Showing posts with label People. Show all posts
Showing posts with label People. Show all posts

May 28, 2019

Robots In Rockville


Had some fun driving around this cool little Robot in Rockville Town Center.

I like to try out the latest gadgets. 

It's funny people's reactions when they see these. 

They're still not quite sure what to make of these. 

Robots on the street.

Drones overhead.

Submersibles in the water.

Soon they will all be autonomous, ubiquitous, and essential.

And people will be the side attraction. ;-)

(Source Video: Dossy Blumenthal)
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May 23, 2019

Alligator Govie

So this was a little surprising. 

In the courtyard (next to the cafeteria) at work, there is a nice seating area open during the Spring/Summer seasons. 

Pretty trees, flowers, and a pond. 

In the pond, next to the water lilies, there was a what?

Alligator.  

Not a full alligator.

But someone put an alligator's head in to make things interesting. 

It's nice at work when people are normal and have a sense of humor. 

An Alligator Govie that's what it is. ;-)

(Source Photo: Andy Blumenthal)
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June 12, 2018

Getting To Know You

So we recently took on a new function at work.

With that came a new group of employees.

Today, we had a wonderful breakfast as a meet and greet for everyone to get to know each other.

There was a tremendous spread of food laid out everything from bagels and smear, granola and yogurt, free fruit and vegetable salad, donut and muffins, and more.

There was enough food to feed a small army.

Aside from the group joining us, we had people come from other departments that support the process they are involved in--so folks from finance, legal, and even the front office.

The new lead assigned for the group that came over even gave out envelopes to thank their new team and 2 big boxes of gourmet coffee for them to share.

How nice this all was done and the investment that was made to bring the new team on board was really amazing to me.

I saw all the goodwill that was being built up from this event and the niceties put into it to recognize the people and make everyone comfortable together as a team.

I learned that an investment upfront like this in people and function can have tremendous benefits downstream in building a team and performing services that everyone can be proud of who is apart of this.

Invest not only in things, but also most importantly in people and relationships! ;-)

(Source Photo: Andy Blumenthal)
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May 21, 2018

@Wiener Museum Of Decorative Arts























(Source Photos: Andy Blumenthal)
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November 22, 2017

It's About The People

The older (not that old) that I get, the more I realize that life and success is all about the people. 

Whether it's our families, friends, and colleagues--it's how we treat people and the relationships we form that count--and that enable us to achieve success together!

Many people just count their money instead of counting their blessings of hearts and souls. 

But while we certainly need a certain amount of $$$ to live, we really need ❤ to thrive.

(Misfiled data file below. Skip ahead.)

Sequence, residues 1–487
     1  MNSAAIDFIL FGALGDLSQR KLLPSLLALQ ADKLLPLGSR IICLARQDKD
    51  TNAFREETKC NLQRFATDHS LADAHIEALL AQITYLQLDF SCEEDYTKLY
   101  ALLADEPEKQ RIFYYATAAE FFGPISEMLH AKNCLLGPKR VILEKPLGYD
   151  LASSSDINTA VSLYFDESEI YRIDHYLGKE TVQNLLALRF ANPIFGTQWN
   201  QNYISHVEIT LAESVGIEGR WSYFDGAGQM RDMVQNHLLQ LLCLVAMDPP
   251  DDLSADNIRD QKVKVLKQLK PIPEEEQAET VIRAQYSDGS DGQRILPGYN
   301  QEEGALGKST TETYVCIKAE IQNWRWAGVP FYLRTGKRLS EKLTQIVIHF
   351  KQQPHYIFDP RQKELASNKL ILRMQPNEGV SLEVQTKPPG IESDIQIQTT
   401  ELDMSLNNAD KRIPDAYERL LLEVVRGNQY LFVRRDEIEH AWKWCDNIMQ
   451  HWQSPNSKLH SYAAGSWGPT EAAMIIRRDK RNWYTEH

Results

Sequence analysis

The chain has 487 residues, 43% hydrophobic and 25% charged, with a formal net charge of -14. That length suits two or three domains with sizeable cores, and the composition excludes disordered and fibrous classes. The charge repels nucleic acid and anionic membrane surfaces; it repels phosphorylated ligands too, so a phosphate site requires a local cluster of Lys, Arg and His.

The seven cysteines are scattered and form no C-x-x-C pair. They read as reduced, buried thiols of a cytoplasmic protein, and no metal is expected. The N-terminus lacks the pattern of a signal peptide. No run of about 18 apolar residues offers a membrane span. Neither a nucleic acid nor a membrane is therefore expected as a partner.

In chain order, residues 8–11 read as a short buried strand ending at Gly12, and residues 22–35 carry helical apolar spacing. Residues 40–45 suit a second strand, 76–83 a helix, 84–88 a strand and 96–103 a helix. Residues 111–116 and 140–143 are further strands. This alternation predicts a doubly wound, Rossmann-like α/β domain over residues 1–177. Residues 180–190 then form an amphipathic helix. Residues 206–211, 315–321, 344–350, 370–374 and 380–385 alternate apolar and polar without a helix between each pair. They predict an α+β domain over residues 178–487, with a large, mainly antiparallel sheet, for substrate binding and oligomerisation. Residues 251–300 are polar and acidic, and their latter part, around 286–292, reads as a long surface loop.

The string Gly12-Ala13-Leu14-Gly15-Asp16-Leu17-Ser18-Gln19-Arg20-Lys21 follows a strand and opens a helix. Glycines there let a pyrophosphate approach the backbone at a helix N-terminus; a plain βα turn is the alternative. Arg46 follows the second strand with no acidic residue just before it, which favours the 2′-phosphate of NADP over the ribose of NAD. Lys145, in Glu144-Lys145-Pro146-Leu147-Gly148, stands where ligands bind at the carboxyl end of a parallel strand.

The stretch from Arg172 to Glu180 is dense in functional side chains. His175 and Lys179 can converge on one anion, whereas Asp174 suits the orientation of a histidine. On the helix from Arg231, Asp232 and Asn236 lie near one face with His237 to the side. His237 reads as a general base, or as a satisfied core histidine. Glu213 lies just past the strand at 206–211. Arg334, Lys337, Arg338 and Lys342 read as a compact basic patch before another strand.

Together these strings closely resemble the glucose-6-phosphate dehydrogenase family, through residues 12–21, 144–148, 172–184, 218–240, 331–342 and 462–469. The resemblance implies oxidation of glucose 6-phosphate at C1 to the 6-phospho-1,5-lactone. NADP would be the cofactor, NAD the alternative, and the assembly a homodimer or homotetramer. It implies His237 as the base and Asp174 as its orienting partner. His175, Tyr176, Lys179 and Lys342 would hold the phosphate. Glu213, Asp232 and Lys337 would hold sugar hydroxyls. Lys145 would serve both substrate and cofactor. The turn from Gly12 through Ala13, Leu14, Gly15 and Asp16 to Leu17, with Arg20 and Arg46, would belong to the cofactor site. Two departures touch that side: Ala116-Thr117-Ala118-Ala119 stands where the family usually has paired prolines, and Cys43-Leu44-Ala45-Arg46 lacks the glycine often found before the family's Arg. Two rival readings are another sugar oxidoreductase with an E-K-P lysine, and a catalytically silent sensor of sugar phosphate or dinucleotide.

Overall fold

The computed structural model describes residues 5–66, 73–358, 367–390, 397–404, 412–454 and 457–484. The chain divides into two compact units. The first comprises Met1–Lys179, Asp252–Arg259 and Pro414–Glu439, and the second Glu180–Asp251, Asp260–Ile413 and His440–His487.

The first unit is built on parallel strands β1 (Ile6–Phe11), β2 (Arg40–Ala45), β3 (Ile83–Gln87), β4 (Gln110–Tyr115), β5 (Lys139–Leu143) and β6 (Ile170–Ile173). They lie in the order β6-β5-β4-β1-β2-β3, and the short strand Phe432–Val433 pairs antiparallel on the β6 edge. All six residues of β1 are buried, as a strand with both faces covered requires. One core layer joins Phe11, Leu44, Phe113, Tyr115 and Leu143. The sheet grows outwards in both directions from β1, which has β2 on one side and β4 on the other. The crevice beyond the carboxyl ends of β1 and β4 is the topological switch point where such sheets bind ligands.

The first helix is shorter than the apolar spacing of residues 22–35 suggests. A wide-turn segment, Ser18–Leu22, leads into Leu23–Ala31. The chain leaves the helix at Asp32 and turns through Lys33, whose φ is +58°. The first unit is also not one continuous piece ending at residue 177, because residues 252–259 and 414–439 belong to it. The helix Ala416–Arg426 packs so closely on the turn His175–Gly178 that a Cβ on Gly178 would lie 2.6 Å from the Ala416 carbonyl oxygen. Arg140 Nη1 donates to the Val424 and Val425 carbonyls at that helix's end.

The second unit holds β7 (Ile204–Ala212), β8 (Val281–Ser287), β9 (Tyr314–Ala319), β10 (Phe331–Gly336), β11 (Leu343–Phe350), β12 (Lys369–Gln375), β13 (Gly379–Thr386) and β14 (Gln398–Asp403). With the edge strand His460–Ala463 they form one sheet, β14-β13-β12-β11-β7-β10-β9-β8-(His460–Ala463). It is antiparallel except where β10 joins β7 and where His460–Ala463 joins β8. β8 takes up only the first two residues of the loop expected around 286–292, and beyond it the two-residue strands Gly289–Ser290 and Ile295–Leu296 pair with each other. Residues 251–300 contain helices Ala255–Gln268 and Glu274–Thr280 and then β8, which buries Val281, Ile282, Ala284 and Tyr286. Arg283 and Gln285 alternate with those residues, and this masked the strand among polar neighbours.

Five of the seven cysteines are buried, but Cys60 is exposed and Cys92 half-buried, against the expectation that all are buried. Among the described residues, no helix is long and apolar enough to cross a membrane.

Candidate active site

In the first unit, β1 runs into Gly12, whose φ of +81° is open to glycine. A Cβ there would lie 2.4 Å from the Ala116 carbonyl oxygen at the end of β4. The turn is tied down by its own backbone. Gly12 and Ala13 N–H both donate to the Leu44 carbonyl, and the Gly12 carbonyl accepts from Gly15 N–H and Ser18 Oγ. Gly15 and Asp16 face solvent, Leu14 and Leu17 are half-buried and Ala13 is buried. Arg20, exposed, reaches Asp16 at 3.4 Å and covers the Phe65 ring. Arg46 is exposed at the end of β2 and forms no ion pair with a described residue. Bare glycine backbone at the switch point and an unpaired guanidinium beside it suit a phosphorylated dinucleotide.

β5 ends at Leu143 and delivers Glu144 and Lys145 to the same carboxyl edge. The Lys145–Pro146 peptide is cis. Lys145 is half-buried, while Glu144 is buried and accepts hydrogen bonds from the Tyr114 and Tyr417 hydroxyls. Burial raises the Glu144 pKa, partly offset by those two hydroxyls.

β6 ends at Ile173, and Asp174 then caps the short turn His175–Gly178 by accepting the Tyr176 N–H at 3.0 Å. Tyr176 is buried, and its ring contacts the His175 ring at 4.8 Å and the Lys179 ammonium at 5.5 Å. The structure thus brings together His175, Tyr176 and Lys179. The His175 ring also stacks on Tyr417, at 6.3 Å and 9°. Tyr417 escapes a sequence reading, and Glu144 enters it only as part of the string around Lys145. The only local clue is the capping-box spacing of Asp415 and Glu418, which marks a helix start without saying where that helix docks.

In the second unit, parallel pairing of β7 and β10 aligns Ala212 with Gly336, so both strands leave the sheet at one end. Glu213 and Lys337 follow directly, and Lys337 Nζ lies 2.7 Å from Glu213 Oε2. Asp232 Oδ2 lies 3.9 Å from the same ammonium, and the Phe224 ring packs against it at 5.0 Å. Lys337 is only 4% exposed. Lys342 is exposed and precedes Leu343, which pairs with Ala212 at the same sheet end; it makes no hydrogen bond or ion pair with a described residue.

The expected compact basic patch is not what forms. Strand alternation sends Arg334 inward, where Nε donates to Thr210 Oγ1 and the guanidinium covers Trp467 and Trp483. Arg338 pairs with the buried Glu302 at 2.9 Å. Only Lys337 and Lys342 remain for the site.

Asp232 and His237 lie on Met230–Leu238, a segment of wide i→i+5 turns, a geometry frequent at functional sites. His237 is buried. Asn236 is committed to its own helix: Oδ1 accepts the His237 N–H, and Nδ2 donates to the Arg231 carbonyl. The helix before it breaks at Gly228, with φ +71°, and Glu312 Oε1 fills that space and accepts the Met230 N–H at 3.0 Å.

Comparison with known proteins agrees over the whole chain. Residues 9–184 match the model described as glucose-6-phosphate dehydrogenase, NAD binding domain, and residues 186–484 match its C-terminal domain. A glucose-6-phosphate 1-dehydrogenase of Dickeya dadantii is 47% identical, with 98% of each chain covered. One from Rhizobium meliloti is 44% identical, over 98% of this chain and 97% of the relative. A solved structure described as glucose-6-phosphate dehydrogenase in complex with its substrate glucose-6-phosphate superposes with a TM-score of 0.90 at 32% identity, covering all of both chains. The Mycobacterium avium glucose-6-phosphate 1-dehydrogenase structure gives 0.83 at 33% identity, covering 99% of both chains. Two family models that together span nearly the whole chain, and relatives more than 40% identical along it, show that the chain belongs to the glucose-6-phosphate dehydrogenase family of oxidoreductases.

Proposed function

Today, before the Thanksgiving holiday, I just took a little time to walk around and talk with people here, thank them for their good work and friendships, and wish them a good holiday. 

It was such a little thing, but honestly I felt so good doing it. 

I am thankful for so many things this year, including all the wonderful people in my life who do so much to make my life joyous and fulfilling, but I am also grateful to G-d for continuing to open my eyes to what and who(s) that really count. 

(Source Photo: Andy Blumenthal)
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January 2, 2016

Blessing Each Other

Today in synagogue, we did not have any Kohanim (members of the priestly class) to do the ritual blessing of the people. 

So Rabbi Haim Ovadia did something really creative and beautiful.

He had each of us turn to our neighbor and put our hands over each other's heads and recite the blessing from the Torah:

"May G-d bless and guide you.
May G-d shine his countenance on you and be gracious to you.
May G-d turn his countenance toward you and grant you peace."

The gesture of brotherhood and caring for each other was very, very nice, and I got to meet someone new in synagogue today.

People need people...and we need G-d. 

Somehow it makes everything better. ;-)

(Source Photo: Andy Blumenthal)
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June 8, 2015

The Robotization Of Society

First, it's people--just us, living and loving. 

Then, we welcome robots into our society for automation, industrialization, and services--they are here to help us.

Finally, it's just the robots--we, the people, are obsolete, replaced, maybe even completely gone!

Think about it. ;-)

(Source Comic: Andy Blumenthal)

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May 13, 2015

How Many Issues Do You Have?

I saw someone with this funny iPhone case in Starbucks.

It says, "More Issues Than Vogue."

So I was curious how many issues of Vogue have there been...

And I learned that they have published this fashion, beauty, and culture magazine since 1892--more than 120 years!

And in the Vogue archive, they claim to have "more than 400,000 pages in full color."